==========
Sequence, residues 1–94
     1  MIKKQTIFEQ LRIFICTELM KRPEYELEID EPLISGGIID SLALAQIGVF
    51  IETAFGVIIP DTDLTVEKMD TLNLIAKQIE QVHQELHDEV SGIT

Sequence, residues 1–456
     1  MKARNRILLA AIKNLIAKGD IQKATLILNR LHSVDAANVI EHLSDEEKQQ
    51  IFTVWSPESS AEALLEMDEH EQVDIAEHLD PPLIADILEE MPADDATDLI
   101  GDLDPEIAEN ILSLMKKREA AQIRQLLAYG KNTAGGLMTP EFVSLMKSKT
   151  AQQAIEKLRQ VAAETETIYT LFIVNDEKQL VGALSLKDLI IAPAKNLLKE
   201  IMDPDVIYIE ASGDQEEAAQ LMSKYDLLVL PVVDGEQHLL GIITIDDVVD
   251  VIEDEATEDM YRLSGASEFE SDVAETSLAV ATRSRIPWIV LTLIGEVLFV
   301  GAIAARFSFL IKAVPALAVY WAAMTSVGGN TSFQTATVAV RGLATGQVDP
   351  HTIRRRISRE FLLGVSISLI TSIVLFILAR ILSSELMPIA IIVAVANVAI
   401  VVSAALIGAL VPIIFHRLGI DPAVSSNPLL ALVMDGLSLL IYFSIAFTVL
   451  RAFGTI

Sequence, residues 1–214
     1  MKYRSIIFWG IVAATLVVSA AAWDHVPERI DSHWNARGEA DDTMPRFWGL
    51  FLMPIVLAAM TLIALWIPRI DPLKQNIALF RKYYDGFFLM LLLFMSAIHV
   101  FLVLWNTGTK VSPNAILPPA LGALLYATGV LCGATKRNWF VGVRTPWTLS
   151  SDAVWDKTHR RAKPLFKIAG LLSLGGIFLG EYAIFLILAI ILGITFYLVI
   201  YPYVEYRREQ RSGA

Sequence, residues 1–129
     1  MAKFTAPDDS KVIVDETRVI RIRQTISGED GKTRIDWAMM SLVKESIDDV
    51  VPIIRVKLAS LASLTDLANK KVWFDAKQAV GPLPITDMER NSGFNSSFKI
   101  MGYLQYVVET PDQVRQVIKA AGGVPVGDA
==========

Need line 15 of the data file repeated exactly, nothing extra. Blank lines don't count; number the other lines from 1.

Sequence, residues 1–214